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Hearing set for woman who is charged in newborn’s death

SHARE Hearing set for woman who is charged in newborn’s death

A hearing to schedule a trial has been set for a young woman charged with allowing her newborn baby to die and then hiding the body in a dresser drawer, but her attorney and a prosecutor say that doesn't rule out a plea bargain in the case.

Third District Judge A. Lee Dever Thursday set a June 29 court date for Heidi Sonnenberg, 22, who has been charged with child abuse homicide, a third-degree felony.At that time, she is scheduled to appear before 3rd District Judge Dennis M. Fuchs and will be required to enter a plea, either guilty or not guilty, and the judge could set a trial date.

However, attorneys for both sides said discussions still are under way regarding a possible plea bargain.

"This has proceeded in a somewhat different direction than we had contemplated," prosecutor James Cope said outside the courtroom. "We're not having any disagreements."

Earl Xaiz, Sonnenberg's defense attorney, said that Thursday's action does not mean the case will go to trial.

"It certainly means a trial is one viable alternative," he said. "I think there is a decent likelihood we're going to settle this case at some point in time. That's not conceding that either side has a weak position."

Xaiz said the case is "difficult and complex in terms of legal ramifications" and the ongoing discussions are about "what is an appropriate plea and what would she accept and what would the state accept."

The current charge against Sonnenberg of child abuse homicide is punishable by a prison term of zero to five years in prison and a $5,000 fine. There are a range of possible charges on the law books that might be addressed by a plea bargain, including negligent homicide, a class A misdemeanor punishable by a year in jail and a $2,500 fine.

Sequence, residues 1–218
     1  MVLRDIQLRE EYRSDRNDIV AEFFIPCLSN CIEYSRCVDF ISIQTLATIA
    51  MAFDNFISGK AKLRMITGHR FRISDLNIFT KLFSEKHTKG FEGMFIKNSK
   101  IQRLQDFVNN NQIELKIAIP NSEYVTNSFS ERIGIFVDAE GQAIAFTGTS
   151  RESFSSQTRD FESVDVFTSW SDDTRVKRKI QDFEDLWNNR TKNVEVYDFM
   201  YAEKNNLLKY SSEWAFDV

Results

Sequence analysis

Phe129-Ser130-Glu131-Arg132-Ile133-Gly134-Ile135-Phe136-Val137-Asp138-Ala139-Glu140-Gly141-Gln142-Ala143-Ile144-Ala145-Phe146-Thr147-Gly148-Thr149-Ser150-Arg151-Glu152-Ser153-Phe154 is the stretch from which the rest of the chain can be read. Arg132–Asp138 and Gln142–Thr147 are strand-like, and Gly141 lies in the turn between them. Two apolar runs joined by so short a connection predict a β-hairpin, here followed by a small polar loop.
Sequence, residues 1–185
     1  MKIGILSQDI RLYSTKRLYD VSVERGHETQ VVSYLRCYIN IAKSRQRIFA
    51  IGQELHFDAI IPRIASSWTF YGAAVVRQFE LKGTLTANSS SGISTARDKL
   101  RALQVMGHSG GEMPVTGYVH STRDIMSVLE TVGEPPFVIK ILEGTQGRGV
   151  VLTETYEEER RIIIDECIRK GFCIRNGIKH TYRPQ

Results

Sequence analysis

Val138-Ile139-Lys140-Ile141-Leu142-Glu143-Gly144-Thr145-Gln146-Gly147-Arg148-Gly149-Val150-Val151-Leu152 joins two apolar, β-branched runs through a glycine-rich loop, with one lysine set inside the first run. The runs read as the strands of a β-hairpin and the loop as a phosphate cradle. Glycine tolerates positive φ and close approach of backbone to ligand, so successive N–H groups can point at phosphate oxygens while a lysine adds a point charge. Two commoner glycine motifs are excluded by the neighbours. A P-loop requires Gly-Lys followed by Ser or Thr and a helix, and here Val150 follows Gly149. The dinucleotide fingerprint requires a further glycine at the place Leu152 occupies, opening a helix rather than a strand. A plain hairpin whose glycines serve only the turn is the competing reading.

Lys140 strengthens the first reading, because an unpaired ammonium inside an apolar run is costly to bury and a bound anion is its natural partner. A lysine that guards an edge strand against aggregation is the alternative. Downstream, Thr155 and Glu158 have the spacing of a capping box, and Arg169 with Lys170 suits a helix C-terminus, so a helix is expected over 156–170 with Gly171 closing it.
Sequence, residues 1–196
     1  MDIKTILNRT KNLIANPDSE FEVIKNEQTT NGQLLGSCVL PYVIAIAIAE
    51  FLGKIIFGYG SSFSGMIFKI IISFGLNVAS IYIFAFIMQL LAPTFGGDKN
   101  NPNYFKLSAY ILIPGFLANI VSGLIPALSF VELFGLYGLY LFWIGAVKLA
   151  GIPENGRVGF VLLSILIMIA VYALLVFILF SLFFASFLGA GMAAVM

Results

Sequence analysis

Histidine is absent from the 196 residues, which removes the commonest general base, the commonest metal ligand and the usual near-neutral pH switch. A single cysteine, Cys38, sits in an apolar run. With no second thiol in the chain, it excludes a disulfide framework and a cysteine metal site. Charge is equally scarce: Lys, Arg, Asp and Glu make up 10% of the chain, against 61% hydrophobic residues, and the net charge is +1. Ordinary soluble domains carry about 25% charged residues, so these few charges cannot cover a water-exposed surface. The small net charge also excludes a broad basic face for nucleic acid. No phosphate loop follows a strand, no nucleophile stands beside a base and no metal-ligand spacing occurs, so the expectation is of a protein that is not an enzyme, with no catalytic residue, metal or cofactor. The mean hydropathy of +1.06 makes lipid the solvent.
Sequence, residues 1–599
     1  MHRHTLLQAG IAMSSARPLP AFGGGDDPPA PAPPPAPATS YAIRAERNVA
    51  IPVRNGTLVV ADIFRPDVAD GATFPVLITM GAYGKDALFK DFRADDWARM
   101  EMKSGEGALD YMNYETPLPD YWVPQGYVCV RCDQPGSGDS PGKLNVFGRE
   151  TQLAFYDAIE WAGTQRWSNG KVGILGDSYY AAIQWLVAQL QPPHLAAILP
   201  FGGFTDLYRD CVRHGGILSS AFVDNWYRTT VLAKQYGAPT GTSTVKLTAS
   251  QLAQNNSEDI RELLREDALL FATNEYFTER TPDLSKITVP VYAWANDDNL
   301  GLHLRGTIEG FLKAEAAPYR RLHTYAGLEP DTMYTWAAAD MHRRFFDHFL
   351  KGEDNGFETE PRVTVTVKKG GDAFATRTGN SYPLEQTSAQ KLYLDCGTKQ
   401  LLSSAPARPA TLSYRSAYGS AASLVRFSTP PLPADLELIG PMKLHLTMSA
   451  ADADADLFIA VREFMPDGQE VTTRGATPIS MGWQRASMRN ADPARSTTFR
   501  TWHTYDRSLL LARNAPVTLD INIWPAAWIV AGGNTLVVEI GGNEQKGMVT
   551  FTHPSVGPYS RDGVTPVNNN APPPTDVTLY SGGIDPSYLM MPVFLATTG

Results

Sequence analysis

Xaiz said Sonnenberg, 22, has been "very traumatized" and "is not having a good time."

"This has shaken her and her family," he said. "There is a real tragedy here. My client's newborn baby died."

Xiaz said Sonnenberg is not dodging responsibility for what occurred, but questions of culpability have yet to be resolved.

Court records indicate Sonnenberg gave birth to a baby girl Jan. 14 over the toilet in her Cottonwood Heights home while unattended. The infant died shortly after birth and Sonnenberg hid the body in a dresser drawer in her bedroom. The Salt Lake County Sheriff's Office began to investigate the newborn's death after Sonnenberg's mother discovered the body Jan. 24.

Medical examiner Ed Leis determined that the child had developed between 36 and 40 weeks since conception, had breathed spontaneously since she was delivered alive and had very little blood, probably because the umbilical cord had not been clamped.

The baby's cause of death was determined to be "blood loss, lack of stimulation, her airway not being cleared and temperature loss."

Prosecutors stopped short of charging Sonnenberg with murder because there was no evidence she intended to kill the child.

Sonnenberg's father has said that Sonnenberg was guilty and embarrassed about being pregnant, and he suggested Sonnenberg was depressed and possibly went into denial. She hid her pregnancy by wearing baggy clothes.